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Rat Race Dirty Weekend 2018
5:33 PM ET, Fri July 20, 2018
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The annual Rat Race in England claims to be the longest obstacle course in the world. You can dispute that superlative, but it still may be the most fun.
The event takes place every year at Burghley House, pictured in background. It's reminiscent of "Downton Abbey" with its Elizabethan architecture and expansive grounds.
Rat Race Dirty Weekend has more than 230 obstacles spread over a single 20-mile loop, and attracted more than 5,000 rats this year.
Part of the massive "Ewok Village" of rope netting and balance beams in the woods.
One section required pulling yourself through troughs of muddy water and then over a wall of tires.
One of the toughest aspects that Dirty Weekend runners cited was the cold. The race has various parts in which you must get partially or fully wet.
Whether its sweat or muddy pond water, wetness cools your body even when you don't want it to.
The scariest obstacle for many -- judging by the reticence of so many competitors -- was the 25-foot plunge into a pool.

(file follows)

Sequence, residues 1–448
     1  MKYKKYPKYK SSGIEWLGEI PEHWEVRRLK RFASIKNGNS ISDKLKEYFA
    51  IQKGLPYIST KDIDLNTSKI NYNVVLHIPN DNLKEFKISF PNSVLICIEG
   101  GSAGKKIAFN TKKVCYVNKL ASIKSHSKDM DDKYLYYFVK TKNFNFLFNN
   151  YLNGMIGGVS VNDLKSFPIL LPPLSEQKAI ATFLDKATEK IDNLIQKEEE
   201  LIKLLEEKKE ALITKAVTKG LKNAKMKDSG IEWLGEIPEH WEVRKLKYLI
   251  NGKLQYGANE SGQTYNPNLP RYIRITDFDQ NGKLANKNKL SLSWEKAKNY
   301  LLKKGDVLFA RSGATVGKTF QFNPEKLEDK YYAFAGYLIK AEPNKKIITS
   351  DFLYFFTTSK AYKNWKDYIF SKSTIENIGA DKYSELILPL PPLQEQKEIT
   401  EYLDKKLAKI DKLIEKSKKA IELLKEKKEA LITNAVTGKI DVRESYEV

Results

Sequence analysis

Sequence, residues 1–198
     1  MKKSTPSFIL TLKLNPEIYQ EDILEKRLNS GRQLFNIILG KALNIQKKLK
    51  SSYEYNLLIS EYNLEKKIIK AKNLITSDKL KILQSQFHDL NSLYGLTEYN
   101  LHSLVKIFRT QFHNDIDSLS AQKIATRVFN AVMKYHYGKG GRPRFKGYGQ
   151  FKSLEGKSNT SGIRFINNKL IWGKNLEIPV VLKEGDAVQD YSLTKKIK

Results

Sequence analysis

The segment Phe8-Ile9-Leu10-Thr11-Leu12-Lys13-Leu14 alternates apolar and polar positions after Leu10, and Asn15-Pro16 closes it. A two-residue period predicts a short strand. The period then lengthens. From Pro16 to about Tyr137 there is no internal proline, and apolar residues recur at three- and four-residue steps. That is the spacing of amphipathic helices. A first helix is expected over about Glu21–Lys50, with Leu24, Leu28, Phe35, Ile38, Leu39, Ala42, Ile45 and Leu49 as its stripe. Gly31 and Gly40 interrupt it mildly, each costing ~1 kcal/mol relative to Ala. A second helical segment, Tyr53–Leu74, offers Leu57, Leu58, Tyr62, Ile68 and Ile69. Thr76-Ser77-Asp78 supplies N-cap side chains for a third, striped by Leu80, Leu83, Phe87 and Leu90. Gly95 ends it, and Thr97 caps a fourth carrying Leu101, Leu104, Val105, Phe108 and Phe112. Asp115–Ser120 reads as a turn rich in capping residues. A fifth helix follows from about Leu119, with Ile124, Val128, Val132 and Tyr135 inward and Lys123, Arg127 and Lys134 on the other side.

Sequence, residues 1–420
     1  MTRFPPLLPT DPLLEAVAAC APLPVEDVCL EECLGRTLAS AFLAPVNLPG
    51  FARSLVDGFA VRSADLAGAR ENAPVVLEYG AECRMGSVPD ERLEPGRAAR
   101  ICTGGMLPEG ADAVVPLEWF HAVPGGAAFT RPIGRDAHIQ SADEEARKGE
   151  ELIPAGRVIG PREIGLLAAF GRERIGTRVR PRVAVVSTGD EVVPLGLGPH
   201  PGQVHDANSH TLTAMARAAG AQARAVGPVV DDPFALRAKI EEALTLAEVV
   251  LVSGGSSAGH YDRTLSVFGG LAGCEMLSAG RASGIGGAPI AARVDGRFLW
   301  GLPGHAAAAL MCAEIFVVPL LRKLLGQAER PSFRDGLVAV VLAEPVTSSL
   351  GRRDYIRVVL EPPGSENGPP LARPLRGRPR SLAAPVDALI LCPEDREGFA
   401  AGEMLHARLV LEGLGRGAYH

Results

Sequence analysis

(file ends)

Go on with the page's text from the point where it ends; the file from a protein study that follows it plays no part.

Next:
Dirty Weekend completion rate among adults is a whopping 84%.
After heights and water, another fear some competitors faced was confined spaces.
Newcomers should ease into the sport with shorter or less competitive races. The Dirty Weekend Rat Race, for example, offers a 13-mile option.
OCRs are all-body workouts: arms, legs, core, heart and lungs. "You use parts of your body you don't normally use," said Jim Mee, the event's founder. "That's part of the beauty of it."
Athletes need to master long-distance running, weight training and then specific skills related to obstacles, such as rope climbing, swimming, balancing and swinging from rings.
There is not a lot of gear required for OCR. "A pair of trainers, my mates, grit, determination, and that's all I need," said Mee.
The balance for the organizers is allowing adults to act like kids, while also making the course very challenging.
Most participants say their favorite obstacle is the last one: a 60-foot high water slide. Competitors barrel down the chute to a splashy end.